My ministry of cooking, canning, growing, and sharing!

My ministry of cooking, canning, growing, and sharing!

Three years ago we bought a small farm with ten acres. The property had a mucky creek on the South side that was covered in raspberry brambles and poison ivy. The back six acres were so overgrown that I couldn't make it half way through the first pasture. There was mud, 10 foot tall weeds, about ten million ground hogs, and a house with "fabulous" 80's wall paper on EVERY surface. I looked at this property and my mind was spinning with possibilities of what I could grow, raise, and even forage off this little plot of land. My husbands mind, who was standing in nearly the exact same spot, was spinning with the thought of how much work he had ahead of him.

From my Farm to my Kitchen is a way for me to share my stories, recipes, failures, and successes. It is a way for me to tell you how sharing with others has opened the flood gates for abundant blessings, new friendships, and great lessons.

We have fought to "take back" parts of our property that had been swallowed by willows and scrub trees. My husband has suffered the wrath of the evil wood emperor, Sir Poison Ivy and our five children have worked tirelessly to help with chores like, "go get Mommy some basil" or I KNOW there's a Morel out there, GO FIND IT!

Please enjoy this glorious adventure with our family. Learn the lessons that I stumbled over, take the great recipes that I share and leave the miserable ones. I am hoping to write each day but you never know if the kitchen or the laundry monster will get me!!

Friday, October 29, 2010


Okay...Bees pretty much "keep" themselves.  I'm just the occasional "checker-inner" and "honey thief."  The biggest times of bee intervention are spring and fall.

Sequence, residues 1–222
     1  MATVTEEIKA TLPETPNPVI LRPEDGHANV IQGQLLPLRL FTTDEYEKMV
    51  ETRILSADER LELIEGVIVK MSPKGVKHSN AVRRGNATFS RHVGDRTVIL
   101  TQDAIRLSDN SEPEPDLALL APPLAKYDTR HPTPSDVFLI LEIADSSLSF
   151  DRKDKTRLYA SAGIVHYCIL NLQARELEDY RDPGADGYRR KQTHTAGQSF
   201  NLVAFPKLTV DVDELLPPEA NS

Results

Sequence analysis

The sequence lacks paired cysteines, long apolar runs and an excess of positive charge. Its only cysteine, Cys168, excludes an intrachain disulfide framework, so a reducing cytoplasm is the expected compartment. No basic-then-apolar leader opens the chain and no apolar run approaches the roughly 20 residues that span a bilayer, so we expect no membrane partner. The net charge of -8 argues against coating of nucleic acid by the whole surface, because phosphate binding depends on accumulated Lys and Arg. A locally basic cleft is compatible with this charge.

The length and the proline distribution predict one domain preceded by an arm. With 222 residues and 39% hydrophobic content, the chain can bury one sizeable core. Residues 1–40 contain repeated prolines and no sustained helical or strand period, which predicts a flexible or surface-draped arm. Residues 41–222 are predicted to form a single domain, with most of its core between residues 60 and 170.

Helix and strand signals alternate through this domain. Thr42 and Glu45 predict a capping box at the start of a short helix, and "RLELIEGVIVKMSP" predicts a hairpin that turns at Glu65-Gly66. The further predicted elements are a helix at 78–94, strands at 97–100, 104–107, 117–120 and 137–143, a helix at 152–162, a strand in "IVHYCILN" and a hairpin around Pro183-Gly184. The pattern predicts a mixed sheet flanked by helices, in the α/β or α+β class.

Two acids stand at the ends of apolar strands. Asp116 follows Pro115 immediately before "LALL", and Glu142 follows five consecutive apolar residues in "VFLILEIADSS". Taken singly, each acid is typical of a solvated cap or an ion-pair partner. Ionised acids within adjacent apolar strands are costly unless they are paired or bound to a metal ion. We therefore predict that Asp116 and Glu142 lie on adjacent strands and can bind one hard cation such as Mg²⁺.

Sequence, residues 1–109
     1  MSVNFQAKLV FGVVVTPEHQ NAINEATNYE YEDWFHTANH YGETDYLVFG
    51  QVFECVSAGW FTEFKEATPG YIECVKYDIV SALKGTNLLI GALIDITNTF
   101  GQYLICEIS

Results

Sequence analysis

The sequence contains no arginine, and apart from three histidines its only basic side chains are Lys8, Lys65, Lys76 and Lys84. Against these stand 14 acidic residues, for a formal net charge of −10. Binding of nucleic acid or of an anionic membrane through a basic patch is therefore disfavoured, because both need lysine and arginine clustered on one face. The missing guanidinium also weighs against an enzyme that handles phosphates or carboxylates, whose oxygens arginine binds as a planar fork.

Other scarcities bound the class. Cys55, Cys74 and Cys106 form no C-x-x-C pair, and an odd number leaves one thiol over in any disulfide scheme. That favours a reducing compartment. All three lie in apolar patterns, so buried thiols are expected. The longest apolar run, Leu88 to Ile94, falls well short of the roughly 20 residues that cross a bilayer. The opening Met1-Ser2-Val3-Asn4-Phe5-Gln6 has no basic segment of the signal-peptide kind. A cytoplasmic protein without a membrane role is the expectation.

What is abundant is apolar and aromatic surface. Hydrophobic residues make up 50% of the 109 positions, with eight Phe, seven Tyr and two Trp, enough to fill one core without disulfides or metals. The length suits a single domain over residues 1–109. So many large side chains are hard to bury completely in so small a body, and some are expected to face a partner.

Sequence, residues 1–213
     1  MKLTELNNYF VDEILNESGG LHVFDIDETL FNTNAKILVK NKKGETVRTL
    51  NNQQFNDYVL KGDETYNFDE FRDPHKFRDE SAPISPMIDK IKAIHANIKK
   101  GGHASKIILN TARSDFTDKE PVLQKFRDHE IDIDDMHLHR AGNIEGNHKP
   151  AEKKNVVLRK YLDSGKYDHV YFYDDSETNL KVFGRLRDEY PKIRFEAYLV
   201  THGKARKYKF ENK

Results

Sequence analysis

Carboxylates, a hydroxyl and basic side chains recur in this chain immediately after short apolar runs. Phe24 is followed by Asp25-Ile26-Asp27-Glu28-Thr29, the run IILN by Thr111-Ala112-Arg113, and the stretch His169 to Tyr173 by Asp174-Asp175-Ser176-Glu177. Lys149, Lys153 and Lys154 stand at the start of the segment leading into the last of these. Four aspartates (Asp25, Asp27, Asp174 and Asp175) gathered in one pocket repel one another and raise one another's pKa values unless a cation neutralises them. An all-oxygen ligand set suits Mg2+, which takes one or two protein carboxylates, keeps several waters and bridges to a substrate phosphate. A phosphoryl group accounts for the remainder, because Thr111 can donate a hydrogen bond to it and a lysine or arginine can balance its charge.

What time is it?  FALL!  

I really need to get out there and check on them.  I need to see if they have any excess honey for me and enough stores for the winter.  I need to reduce their entrance to make it easier for them to shiver together and stay warm.  I need to make sure the hives are strong enough to get through the winter and that they have a queen.   I may have to supplement them with sugar water if they are a little light on the honey stores.

Now the reality.  I'm staring out the window at the chilly fall morning.  Thinking that I should have done this last week when the weather was nearly perfect.  I know there isn't any extra honey for me.  Honey production was unusually low this year.  I KNOW they need me and I'm sitting in the warm house, drinking my coffee, and enjoying the sound of the crackling fire.


Don't worry, I'll get out there.  I wouldn't let my girls die from starvation or cold.  I just have to quit procrastinating.  Anyone out there have a swift kick-in-the-pants I can borrow?

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